Sen. Joe Lieberman (I-Conn.), who ran with Al GoreAl GoreOvernight Tech: Trump's tech budget - Cyber gets boost; cuts for NASA climate programs | FTC faces changes under Trump | Trump to meet with Bill Gates Trump's NASA budget cuts earth, climate science programs Obamas sign with agency for speaking gigs MORE on the Democratic presidential ticket in 2000 and was vetted by McCain’s team, said his colleagues are in for an uncomfortable probing.
“During the Gore vettings, somebody said to me, ‘It’s like having a colonoscopy without painkillers,’ ” said Lieberman.
Lieberman said one Democratic adviser suggested that he sit down with his wife and tell her, “If there’s anything about your past I don’t know, tell me now.”
“I heard they had gone back and read editorials I had written for the Yale Daily News in 1963,” he said. “They asked very explicit questions.”
Jamie Gorelick, who handled Lieberman’s vetting for the Gore campaign, said she spent about 18 hours asking him questions and reviewing various issues.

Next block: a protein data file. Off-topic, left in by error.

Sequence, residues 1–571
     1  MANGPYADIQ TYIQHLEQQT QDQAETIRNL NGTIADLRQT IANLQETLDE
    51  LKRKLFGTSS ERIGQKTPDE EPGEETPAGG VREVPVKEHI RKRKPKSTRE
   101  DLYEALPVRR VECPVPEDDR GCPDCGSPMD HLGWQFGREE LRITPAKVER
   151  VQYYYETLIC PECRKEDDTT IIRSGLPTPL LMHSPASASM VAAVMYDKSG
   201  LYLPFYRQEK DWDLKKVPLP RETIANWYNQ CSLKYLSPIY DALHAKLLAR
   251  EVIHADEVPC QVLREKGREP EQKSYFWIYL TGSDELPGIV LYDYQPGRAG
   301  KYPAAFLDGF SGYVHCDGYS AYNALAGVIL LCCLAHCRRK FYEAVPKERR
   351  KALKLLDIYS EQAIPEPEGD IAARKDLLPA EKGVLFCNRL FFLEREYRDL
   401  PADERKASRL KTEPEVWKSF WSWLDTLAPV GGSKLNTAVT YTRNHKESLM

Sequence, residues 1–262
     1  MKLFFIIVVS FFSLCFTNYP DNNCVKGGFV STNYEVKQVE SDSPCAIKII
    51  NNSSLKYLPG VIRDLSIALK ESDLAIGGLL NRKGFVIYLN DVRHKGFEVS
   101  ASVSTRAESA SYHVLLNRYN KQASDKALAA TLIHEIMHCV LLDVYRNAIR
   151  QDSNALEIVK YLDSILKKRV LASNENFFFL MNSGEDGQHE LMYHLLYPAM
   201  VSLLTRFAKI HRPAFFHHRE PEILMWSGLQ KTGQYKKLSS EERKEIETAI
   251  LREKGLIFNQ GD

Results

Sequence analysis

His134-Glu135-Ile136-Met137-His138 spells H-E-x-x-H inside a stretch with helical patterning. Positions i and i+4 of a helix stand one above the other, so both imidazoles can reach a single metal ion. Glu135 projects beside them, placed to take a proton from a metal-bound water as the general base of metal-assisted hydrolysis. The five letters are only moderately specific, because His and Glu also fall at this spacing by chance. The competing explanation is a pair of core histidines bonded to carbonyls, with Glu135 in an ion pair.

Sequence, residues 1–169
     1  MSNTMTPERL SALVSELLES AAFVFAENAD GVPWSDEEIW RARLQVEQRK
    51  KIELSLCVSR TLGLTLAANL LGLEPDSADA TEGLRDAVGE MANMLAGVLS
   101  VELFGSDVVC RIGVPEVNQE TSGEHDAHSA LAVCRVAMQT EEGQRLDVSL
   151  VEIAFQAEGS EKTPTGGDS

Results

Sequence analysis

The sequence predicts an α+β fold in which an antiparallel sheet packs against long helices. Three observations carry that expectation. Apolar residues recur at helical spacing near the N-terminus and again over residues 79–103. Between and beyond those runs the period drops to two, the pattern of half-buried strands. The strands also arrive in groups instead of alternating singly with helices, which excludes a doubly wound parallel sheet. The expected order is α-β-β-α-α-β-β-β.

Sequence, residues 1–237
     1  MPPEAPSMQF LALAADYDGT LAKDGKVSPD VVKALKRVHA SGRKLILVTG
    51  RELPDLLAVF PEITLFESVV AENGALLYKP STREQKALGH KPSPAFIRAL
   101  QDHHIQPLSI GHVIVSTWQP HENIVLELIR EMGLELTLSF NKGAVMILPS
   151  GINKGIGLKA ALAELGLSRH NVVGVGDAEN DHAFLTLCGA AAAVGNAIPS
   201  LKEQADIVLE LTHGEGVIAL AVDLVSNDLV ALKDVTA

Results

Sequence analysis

She also spoke with his wife, his ex-wife and his children.
“We read every article that he wrote for the Yale Daily News. We read every opinion that his office published when he was attorney general of Connecticut. We read every book and article, every speech he gave. We looked at every bill he sponsored and co-sponsored and reviewed his voting record generally. We reviewed all his tax returns,” said Gorelick.
The McCain campaign thoroughly reviewed Lieberman’s record again in 2008. McCain, however, switched tracks shortly before the convention in Minnesota and picked Palin, giving his vetting team little time to review her record.
The late-breaking decision put McCain’s team in an awkward position. His campaign aides had to scramble to investigate her background to keep a step ahead of the media.
A source close to the campaign said prospects had been contacted but declined to say who had been contacted or how wide a net had been cast.
A spokeswoman for the Romney campaign declined to comment.
Michael S. Berman, who helped vet Geraldine Ferraro for Walter Mondale’s 1984 presidential campaign, said Romney is wise not to delay the search.